The Sixth Amendment gave accused the right to confront their accuser. The Melendez decision of SCOTUS merely affirmed that right in the case of someone who was accused of drug dealing but not given the opportunity to confront witnesses alleging the drug was of a certain quantity. The Melendez decision was then reported as a general bar to Automated Camera Enforcement. However, in those cases where a law enforcement officer had reviewed the photos and determined that a violation had occurred and subsequently was present at any trial, then the person said to be guilty of an infraction would be given an opportunity to cross-examine. thenewspaper.com thus had dramatically overstated the case.

There are some local courts that have held that the fine is a misdemeanor and thus the normal rules of cross-examination do not apply - similar to parking tickets where one might, were it a criminal case, claim that the meter had not been calibrated properly.

As far as I know, the presence of someone from a vendor being the one to testify to the accuracy of the equipment has not been tested in a state court of appeals yet. Quickly I point out that it would seem to me to be a conflict of interest, but one never knows how certain courts will decide.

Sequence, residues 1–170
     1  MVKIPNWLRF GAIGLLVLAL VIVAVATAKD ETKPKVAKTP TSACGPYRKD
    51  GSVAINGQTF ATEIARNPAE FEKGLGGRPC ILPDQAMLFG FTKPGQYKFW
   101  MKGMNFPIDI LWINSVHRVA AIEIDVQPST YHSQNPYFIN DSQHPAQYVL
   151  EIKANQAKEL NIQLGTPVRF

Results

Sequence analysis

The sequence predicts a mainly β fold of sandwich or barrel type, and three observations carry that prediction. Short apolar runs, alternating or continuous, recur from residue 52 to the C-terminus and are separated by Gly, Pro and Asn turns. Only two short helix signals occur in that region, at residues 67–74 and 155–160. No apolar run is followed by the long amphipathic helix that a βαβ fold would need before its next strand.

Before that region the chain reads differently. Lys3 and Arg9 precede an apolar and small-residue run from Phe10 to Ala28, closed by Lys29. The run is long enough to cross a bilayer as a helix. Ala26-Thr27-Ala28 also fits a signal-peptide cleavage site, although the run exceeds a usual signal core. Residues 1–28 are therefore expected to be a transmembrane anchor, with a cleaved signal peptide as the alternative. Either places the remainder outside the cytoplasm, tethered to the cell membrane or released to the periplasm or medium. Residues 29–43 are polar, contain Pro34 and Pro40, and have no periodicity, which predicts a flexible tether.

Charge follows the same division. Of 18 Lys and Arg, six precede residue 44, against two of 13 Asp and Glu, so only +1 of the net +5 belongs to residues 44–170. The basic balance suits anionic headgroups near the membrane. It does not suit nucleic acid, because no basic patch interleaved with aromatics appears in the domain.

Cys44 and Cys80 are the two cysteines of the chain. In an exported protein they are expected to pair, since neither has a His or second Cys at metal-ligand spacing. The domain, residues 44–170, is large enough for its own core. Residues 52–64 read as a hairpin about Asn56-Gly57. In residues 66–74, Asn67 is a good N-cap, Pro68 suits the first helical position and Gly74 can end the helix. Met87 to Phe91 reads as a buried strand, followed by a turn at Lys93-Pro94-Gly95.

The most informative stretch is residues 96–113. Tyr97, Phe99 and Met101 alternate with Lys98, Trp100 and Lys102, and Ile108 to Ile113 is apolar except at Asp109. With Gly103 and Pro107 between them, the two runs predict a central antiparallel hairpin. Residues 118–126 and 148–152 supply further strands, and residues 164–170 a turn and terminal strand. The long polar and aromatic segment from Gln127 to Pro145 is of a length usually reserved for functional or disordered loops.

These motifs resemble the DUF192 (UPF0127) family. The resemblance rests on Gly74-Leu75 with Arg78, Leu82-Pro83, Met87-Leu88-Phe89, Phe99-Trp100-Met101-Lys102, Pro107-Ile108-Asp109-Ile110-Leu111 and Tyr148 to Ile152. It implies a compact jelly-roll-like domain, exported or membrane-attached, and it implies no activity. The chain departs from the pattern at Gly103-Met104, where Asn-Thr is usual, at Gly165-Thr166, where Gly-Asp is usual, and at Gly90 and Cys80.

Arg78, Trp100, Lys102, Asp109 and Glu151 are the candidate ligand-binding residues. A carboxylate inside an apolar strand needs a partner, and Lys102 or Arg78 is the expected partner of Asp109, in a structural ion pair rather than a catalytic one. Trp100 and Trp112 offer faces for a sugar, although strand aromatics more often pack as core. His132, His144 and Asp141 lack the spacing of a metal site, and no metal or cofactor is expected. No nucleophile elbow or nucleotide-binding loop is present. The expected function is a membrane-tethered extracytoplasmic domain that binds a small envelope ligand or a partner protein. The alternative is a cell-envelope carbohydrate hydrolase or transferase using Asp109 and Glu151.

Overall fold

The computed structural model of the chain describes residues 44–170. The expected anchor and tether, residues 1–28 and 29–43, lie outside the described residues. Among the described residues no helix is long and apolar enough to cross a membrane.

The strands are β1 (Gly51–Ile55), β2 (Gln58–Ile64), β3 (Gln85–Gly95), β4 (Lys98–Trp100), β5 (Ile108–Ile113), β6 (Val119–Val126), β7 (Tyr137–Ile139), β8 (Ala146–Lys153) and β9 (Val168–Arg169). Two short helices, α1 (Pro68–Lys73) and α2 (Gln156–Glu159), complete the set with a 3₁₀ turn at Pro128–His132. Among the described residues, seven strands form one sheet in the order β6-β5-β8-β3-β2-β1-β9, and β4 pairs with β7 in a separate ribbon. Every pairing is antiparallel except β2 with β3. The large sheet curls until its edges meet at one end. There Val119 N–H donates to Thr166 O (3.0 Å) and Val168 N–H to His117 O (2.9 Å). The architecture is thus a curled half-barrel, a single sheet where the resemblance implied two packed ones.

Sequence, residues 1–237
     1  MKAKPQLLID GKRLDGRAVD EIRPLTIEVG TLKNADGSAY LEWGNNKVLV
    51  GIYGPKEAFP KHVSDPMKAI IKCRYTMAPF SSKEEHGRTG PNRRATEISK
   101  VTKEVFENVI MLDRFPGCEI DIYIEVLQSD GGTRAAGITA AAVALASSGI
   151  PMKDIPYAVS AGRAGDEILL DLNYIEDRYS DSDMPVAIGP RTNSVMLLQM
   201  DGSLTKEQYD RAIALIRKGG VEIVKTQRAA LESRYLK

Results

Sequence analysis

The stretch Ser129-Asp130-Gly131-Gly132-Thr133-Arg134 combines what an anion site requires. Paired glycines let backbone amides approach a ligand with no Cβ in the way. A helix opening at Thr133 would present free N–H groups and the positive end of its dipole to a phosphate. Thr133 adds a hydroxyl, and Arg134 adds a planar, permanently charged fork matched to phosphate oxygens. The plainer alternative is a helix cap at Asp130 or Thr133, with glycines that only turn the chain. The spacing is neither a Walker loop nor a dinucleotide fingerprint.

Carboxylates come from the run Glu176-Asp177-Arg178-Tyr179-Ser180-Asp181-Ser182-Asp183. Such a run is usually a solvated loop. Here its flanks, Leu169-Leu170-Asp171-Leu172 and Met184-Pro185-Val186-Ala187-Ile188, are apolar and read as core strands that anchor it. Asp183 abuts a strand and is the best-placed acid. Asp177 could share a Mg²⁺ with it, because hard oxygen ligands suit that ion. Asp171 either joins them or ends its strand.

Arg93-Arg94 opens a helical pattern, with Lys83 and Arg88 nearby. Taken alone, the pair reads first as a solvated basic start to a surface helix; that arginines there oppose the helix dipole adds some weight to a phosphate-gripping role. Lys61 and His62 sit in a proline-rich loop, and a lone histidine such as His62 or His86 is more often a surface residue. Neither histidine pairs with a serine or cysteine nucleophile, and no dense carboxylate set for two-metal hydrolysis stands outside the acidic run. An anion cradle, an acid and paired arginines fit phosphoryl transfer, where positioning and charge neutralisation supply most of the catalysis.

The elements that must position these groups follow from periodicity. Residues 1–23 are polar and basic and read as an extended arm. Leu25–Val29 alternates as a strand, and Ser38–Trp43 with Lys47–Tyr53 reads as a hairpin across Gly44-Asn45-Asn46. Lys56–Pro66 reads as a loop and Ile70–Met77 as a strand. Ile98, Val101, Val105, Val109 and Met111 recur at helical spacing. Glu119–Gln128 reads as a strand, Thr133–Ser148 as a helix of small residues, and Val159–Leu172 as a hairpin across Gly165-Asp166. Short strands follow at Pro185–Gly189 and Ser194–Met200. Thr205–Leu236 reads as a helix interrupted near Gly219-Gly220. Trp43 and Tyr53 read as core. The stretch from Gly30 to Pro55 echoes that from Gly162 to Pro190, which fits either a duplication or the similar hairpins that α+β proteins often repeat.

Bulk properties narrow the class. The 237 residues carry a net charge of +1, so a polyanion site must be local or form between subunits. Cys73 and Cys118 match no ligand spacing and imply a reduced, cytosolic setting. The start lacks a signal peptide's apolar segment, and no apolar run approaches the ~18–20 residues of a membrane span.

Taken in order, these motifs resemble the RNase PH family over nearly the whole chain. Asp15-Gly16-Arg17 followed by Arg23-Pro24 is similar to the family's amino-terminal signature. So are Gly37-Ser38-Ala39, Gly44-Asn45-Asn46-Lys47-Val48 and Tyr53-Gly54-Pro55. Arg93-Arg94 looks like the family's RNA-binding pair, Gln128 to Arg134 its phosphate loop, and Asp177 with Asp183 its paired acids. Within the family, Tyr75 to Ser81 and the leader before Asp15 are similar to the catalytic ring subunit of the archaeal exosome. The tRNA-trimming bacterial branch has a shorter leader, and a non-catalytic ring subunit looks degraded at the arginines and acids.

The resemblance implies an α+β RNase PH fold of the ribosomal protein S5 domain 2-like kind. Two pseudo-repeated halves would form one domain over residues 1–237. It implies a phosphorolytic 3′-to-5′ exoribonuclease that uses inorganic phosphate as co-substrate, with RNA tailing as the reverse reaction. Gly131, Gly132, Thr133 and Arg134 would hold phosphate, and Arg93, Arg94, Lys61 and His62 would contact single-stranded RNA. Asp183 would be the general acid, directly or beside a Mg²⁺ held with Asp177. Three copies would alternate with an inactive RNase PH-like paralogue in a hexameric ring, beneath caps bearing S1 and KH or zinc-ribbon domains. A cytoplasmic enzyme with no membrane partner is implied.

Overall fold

I note that you quoted from a case and that the issue became hearsay because the company's employees never appeared. The issue was throw out because a person never appeared - not because the person was an employee of the vendor.

Since I think we both agree that Automated Traffic Enforcement is headed in the direction of having someone available for cross examination (as requited by the Sixth Amendment and affirmed by Melendez), what exactly do you wish to debate?

Red light Camera

I prefer real police officers any day, red light cameras don't seem to be interested at all in my excuses!

The issue was

It was my reading of

jgermann wrote:

.. That generally means - in the case of cameras - that a trained person (usually a law officer) may be called to testify as to that the photos and/or video means and then be available for cross-examination. If such a person is not available, then the physical evidence will not be admissible and the case against the person would fail.